Wednesday, January 16, 2013 12:00 AM
During January 1862 at Camp Fisher, the country boys of the 11th Mississippi found a new way to amuse themselves and annoy others, especially their acting commander, Lieutenant Colonel Frank Liddell.
Only Neshoba County's storyteller, Private Wiley Heflin of Company D, could properly relate this camp tale: "There would be a detail made every day to go to the butcher pen and most of them when they went would get some horns and they would make blowing horns for pastime.
"It seemed that most all the men had a blowing horn, some times one company would break loose blowing the horns and another company would answer them and from that the whole regiment would follow suit.
"On one occasion the colonel sent word to the officer of the day to stop that horn blowing or that he would put him under arrest. As fast as he would go from one company to another they would break loose to blowing behind him, he did all he could but could not stop it.
"It would be almost equal to the horn blowing around the walls of Jericho. For a long time the 11th Mississippi went by the name of the horned regiment.
"Now I believe, if we had crossed the Potomac River above and compressed Washington City in the rear, then blew our horns and giving a loud shout at the same time, making a rush upon the city, it would have fallen into our hands, as Jericho did into the hands of Joshua."
There was no way that an event like this would not be reported to the home folk.
After thanking his brother in Noxubee County for the boots forwarded to his other brother, Iley Fant and himself, Private William Fant wrote about the "cow-horne mainier," as well as a subject that was constantly discussed-re-enlistment, corresponding bonus and furlough.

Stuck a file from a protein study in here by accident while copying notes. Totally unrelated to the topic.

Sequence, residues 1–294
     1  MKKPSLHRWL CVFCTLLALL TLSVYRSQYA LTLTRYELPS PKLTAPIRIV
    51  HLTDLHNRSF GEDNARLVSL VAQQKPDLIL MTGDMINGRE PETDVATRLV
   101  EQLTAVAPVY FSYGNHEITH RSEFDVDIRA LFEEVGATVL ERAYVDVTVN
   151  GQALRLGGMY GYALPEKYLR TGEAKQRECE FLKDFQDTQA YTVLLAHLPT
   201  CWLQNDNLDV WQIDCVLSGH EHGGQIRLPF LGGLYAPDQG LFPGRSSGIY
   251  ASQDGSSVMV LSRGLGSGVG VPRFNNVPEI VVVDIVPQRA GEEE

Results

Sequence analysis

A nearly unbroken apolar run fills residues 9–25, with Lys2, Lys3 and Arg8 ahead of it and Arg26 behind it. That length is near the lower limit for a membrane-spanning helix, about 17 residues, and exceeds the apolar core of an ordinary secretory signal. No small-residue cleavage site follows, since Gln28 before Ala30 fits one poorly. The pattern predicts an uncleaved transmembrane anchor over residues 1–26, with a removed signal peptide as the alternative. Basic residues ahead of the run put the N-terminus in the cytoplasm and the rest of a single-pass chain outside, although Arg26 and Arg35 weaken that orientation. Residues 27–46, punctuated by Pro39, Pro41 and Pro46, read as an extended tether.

On Friday, Feb. 7, 1862, the men of the 11th Mississippi, after months and months of rumors, finally got the information on the re-enlistment program--re-enlist for two years or enlist for the duration of the war, receive a $50 bounty, and forty-six days of furlough.
Scores immediately re-enlisted, received their bounty two days later, and immediately left for their homes in Mississippi.
They were the fortunate ones as Joseph Johnston quickly canceled the furlough program after he heard of Lincoln's directive for McClellan to move in a matter of days.
Many of the other enlistees received only a notation marked "Bounty Due," and in many cases never received the $50, leaving it to be claimed by the next-of-kin in final settlement proceedings.
One of the major reasons that some of the officers of the companies of the regiment received furloughs was to return to Mississippi and enlist new soldiers to fill ranks ravished by measles, typhoid fever, pneumonia, and other disabilities.
Captain Alexander Franklin returned to Philadelphia as Company D's recruiter and enrolled fifty-six new soldiers in the Neshoba Rifles.
Included in this group were brothers Columbus Martin Cook, Jacob Harrison Cook, James Michael Cook, John Henry Cook, and their first cousin, John W. Cook.
These Cook brothers joined their two older brothers who had enlisted in 1861 in Company D.